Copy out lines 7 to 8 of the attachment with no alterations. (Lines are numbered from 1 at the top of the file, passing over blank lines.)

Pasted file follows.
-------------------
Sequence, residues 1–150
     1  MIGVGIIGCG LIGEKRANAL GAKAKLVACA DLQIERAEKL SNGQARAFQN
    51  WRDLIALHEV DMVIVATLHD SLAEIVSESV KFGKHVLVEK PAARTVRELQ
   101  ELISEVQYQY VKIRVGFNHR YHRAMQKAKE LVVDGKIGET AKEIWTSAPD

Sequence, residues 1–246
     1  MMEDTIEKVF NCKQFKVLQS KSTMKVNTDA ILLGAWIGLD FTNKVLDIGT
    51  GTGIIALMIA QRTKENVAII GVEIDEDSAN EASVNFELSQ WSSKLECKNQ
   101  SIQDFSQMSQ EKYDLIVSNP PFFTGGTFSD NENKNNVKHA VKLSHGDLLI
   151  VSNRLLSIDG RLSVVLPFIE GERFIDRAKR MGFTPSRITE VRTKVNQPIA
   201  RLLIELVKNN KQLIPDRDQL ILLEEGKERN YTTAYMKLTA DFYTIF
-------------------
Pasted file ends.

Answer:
    51  GTGIIALMIA QRTKENVAII GVEIDEDSAN EASVNFELSQ WSSKLECKNQ
   101  SIQDFSQMSQ EKYDLIVSNP PFFTGGTFSD NENKNNVKHA VKLSHGDLLI